It hurts you, it is like buying something you know you can't afford.
It might hurt you less than doing something else but it still hurts you.
It is maybe not immediately evident how it hurts you but neither is living beyond your means immediately painful.
It is like stealing from yourself because you are with that conditioning your brain in a wrong way and it is you who will have to put in the work to undo it in order to direct the mind to the Eightfold Path.
Furthermore when you understand your behavior to not be in line with your ideals you will experience a lot of anxiety and vexation.
This can not be avoided because your brain is then wired in a way that you know that you are essentially breaking yourself when you do what you know you shouldn't do and aren't doing what you think you should be doing.
When you have work to do for the undoing of unwholesome tendencies which are a result of a frequent giving of unskillful attention, then you are just adding insult to injury by signing up for more sadness that doesn't have to be there by doing more of what got you into trouble in the first place.
Does this make it a sin?
I don't know this term's application here but it's certainly on a spectrum of bad behavior, even tho the thoughts of restraint & avoiding women are more or less skillful.
That being said restraint is good in all circumstance and if feel this makes things easier for you then it's obviously the lesser evil and you should pick that over having intercourse until you can undo & overcome.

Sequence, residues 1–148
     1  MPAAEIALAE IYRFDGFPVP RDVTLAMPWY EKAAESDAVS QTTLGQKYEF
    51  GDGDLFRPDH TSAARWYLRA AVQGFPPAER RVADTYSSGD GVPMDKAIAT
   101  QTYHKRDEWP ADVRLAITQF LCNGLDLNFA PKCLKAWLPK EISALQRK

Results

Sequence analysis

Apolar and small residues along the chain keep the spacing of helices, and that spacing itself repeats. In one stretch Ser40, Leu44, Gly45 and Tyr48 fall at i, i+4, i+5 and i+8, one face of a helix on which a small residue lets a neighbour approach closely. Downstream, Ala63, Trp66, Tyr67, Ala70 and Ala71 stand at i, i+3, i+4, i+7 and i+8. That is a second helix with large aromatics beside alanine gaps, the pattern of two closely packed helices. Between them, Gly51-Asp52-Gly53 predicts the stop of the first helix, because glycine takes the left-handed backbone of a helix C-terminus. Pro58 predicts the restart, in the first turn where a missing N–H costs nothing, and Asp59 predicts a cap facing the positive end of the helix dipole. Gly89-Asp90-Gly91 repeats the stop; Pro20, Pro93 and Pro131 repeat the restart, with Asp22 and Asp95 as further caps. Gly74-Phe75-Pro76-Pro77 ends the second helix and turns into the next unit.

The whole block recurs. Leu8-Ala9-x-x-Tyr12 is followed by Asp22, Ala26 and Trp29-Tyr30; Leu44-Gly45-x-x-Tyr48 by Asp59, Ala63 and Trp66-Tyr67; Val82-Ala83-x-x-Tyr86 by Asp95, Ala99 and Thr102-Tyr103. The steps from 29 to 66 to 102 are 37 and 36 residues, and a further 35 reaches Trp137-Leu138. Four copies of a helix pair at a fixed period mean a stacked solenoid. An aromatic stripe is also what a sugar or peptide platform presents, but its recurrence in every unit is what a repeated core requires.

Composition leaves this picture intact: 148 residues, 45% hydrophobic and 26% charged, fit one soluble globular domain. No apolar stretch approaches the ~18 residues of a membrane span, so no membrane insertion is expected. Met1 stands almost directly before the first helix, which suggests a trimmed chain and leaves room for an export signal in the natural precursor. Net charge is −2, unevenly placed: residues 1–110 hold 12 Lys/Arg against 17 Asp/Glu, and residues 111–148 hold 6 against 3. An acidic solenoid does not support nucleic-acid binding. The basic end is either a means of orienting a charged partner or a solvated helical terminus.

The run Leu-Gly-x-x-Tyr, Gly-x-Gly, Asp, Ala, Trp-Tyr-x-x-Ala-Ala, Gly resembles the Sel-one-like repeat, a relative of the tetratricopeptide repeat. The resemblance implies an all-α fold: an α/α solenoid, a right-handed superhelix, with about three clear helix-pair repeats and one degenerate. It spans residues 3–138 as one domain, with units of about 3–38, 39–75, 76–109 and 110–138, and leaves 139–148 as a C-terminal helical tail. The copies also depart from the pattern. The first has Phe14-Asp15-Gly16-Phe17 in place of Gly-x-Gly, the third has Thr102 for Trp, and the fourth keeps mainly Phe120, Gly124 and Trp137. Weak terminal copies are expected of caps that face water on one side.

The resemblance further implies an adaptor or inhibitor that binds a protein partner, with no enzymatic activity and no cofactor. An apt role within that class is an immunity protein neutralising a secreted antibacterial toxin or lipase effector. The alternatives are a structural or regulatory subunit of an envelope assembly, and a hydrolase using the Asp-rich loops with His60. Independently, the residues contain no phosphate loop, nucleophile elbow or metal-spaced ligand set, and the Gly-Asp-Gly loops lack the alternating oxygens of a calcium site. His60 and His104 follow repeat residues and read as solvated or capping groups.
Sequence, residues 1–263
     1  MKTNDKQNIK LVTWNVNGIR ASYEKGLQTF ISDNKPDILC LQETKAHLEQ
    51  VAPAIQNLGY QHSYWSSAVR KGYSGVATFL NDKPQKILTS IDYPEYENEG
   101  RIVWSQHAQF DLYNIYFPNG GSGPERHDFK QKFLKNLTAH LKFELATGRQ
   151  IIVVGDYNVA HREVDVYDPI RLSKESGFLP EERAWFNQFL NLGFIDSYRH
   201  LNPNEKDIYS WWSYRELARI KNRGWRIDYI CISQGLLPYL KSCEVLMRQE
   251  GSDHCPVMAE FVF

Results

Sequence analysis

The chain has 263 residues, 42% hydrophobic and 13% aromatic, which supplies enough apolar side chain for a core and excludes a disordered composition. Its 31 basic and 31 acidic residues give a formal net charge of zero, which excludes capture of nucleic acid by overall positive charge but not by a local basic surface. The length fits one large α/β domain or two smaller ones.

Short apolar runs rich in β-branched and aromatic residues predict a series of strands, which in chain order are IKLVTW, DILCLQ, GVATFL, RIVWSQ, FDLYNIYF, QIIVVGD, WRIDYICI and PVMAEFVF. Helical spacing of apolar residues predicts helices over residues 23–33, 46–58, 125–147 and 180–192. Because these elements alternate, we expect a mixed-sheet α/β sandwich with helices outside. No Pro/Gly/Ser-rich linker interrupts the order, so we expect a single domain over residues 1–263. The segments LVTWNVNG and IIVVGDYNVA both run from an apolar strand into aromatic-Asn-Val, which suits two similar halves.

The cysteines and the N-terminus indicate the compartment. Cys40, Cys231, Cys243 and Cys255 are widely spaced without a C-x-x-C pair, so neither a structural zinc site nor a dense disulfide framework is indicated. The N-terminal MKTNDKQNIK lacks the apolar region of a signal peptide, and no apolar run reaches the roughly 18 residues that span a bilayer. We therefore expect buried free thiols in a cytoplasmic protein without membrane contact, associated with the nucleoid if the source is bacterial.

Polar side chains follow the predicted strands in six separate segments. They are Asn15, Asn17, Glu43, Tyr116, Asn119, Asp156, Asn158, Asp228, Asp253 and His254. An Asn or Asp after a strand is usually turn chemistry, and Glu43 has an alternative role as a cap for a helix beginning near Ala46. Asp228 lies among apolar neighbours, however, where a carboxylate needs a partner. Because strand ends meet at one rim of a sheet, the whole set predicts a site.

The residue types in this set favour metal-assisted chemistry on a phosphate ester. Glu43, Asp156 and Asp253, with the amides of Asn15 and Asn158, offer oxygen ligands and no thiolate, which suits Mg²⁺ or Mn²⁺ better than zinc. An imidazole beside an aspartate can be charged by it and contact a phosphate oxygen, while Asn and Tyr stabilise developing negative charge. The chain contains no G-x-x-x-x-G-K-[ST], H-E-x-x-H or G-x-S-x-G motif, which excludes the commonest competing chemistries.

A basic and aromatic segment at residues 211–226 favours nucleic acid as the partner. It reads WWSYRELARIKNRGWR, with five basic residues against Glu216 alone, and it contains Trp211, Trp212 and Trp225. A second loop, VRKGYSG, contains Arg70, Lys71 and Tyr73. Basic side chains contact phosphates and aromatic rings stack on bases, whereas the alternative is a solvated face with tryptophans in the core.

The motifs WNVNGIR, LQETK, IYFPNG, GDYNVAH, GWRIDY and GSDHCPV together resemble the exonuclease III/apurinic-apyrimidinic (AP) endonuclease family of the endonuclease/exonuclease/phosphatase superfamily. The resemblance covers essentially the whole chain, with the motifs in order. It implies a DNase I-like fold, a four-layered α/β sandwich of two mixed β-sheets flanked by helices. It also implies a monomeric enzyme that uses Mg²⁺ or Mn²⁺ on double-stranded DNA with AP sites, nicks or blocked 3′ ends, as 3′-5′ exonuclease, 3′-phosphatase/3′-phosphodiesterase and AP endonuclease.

Id say don't worry about it but also don't fool yourself into thinking that there is no harm in that for you because it certainly is a stumbling block and you should recognize danger in trifling things because it's likened to grasping a hot rock, it is better to know that ut's hot to minimize the damage.
Here pali sutta instruction
Bhikkhus, to the bhikkhu practicing the perception of loathing and
abiding much in it, the sexual thought keeps away, it shrinks and
[a] “And what, Ānanda, is the perception of unattractiveness? Here, a
bhikkhu reviews this very body upward from the soles of the feet and
downward from the tips of the hairs, enclosed in skin, as full of many
kinds of impurities: ‘There are in this body hair of the head, hair of
the body, nails, teeth, skin, flesh, sinews, bones, bone marrow,
kidneys, heart, liver, pleura, spleen, lungs, intestines, mesentery,
stomach, excrement, bile, phlegm, pus, blood, sweat, fat, tears,
grease, saliva, snot, fluid of the joints, urine.’ Thus he dwells
contemplating unattractiveness in this body. This is called the
perception of unattractiveness.
[x] "Furthermore... just as if a sack with openings at both ends were
full of various kinds of grain — wheat, rice, mung beans, kidney
beans, sesame seeds, husked rice — and a man with good eyesight,
pouring it out, were to reflect, 'This is wheat. This is rice. These
are mung beans. These are kidney beans. These are sesame seeds. This
is husked rice,' in the same way, monks, a monk reflects on this very
body from the soles of the feet on up, from the crown of the head on
down, surrounded by skin and full of various kinds of unclean things:
'In this body there are head hairs, body hairs, nails, teeth, skin,